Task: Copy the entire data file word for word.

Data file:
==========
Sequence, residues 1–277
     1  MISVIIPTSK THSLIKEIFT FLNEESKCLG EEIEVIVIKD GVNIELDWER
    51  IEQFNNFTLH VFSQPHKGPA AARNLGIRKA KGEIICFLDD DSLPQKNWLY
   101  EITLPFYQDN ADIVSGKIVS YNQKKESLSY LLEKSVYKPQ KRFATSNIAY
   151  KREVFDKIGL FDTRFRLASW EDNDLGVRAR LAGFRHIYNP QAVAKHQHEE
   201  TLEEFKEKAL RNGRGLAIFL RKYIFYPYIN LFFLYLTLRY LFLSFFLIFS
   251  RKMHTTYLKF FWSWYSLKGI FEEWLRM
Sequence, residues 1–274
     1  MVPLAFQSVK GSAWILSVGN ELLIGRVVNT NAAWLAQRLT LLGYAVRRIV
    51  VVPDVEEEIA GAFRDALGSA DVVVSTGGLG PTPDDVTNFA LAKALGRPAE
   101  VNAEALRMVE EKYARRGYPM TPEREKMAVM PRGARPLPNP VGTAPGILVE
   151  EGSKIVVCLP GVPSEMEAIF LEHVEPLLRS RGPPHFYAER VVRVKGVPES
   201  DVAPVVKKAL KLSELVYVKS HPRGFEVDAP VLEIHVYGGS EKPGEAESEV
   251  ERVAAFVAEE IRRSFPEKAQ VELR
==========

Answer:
Sequence, residues 1–277
     1  MISVIIPTSK THSLIKEIFT FLNEESKCLG EEIEVIVIKD GVNIELDWER
    51  IEQFNNFTLH VFSQPHKGPA AARNLGIRKA KGEIICFLDD DSLPQKNWLY
   101  EITLPFYQDN ADIVSGKIVS YNQKKESLSY LLEKSVYKPQ KRFATSNIAY
   151  KREVFDKIGL FDTRFRLASW EDNDLGVRAR LAGFRHIYNP QAVAKHQHEE
   201  TLEEFKEKAL RNGRGLAIFL RKYIFYPYIN LFFLYLTLRY LFLSFFLIFS
   251  RKMHTTYLKF FWSWYSLKGI FEEWLRM
Sequence, residues 1–274
     1  MVPLAFQSVK GSAWILSVGN ELLIGRVVNT NAAWLAQRLT LLGYAVRRIV
    51  VVPDVEEEIA GAFRDALGSA DVVVSTGGLG PTPDDVTNFA LAKALGRPAE
   101  VNAEALRMVE EKYARRGYPM TPEREKMAVM PRGARPLPNP VGTAPGILVE
   151  EGSKIVVCLP GVPSEMEAIF LEHVEPLLRS RGPPHFYAER VVRVKGVPES
   201  DVAPVVKKAL KLSELVYVKS HPRGFEVDAP VLEIHVYGGS EKPGEAESEV
   251  ERVAAFVAEE IRRSFPEKAQ VELR